The dense core vesicles (DCVs) of neuroendocrine cells are a rich source of bioactive molecules such as peptides, hormones, and neurotransmitters, but relatively little is known about how they are formed. Using fractionation profiling, a method that combines subcellular fractionation with mass spectrometry, we identified ∼1200 proteins in PC12 cell vesicle-enriched fractions, with DCV-associated proteins showing distinct profiles from proteins associated with other types of vesicles. To investigate the role of clathrin in DCV biogenesis, we stably transduced PC12 cells with an inducible short hairpin RNA targeting clathrin heavy chain, resulting in ∼85% protein loss. DCVs could still be observed in the cells by electron microscopy, but mature profiles were approximately fourfold less abundant than in mock-treated cells. By quantitative mass spectrometry, DCV-associated proteins were found to be reduced approximately twofold in clathrin-depleted cells as a whole and approximately fivefold in vesicle-enriched fractions. Our combined data sets enabled us to identify new candidate DCV components. Secretion assays revealed that clathrin depletion causes a near-complete block in secretagogue-induced exocytosis. Taken together, our data indicate that clathrin has a function in DCV biogenesis beyond its established role in removing unwanted proteins from the immature vesicle.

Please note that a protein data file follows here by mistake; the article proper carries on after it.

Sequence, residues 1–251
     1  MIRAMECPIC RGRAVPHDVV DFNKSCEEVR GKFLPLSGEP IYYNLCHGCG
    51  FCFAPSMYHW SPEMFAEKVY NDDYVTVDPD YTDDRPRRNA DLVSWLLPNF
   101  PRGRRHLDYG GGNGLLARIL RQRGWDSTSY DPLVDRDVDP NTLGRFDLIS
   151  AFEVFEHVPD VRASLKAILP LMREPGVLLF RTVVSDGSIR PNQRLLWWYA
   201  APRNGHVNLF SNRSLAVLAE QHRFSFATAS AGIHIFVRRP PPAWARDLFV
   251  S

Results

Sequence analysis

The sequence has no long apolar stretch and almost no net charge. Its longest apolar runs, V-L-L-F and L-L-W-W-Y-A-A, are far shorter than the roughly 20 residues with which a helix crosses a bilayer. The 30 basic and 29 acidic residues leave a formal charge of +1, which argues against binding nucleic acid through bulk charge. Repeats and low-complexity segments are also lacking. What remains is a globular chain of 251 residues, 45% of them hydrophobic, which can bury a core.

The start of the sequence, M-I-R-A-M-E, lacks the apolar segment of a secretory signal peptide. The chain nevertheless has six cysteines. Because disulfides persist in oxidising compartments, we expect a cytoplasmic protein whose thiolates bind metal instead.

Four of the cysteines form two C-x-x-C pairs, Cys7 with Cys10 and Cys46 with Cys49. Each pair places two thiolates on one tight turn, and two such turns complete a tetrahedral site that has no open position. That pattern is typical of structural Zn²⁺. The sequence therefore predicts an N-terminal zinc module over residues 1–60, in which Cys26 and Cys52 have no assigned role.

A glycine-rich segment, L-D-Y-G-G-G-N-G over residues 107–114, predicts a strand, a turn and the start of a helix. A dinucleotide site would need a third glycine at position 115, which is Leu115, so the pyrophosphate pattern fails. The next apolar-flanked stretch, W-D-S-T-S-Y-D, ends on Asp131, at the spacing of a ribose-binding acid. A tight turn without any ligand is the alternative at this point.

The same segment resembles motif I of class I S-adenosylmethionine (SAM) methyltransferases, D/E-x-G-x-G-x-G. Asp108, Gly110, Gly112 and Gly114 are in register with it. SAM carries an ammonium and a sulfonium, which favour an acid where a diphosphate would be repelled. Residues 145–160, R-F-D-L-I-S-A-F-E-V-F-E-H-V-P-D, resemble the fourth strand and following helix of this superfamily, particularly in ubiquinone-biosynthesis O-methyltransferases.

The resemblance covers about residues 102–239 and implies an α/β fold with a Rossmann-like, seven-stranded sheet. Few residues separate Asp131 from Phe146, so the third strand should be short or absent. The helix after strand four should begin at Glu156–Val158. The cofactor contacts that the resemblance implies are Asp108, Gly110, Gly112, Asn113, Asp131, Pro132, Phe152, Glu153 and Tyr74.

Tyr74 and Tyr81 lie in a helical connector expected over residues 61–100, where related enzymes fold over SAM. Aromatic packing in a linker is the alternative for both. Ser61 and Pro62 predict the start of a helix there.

Bibliographical noteFunding Information:
We thank Kamburpola Jayawardena and Yagnesh Umrania for help with the proteomics. We also thank the UMN Imaging Center at the University of Minnesota. B.S.S. acknowledges the members of the Robinson, Bartolomucci, and Mahata laboratories. This work was funded by grants from the Wellcome Trust: 086598 (to M.S.R.), 100140 (Wellcome Trust Strategic Award), and 093026 (for the FEI Tecnai G2 Spirit BioTWIN transmission EM); and by a National Institutes of Health/National Institute of Diabetes and Digestive and Kidney Diseases grant (R01DK102496) to A.B.
© 2017 Sahu et al.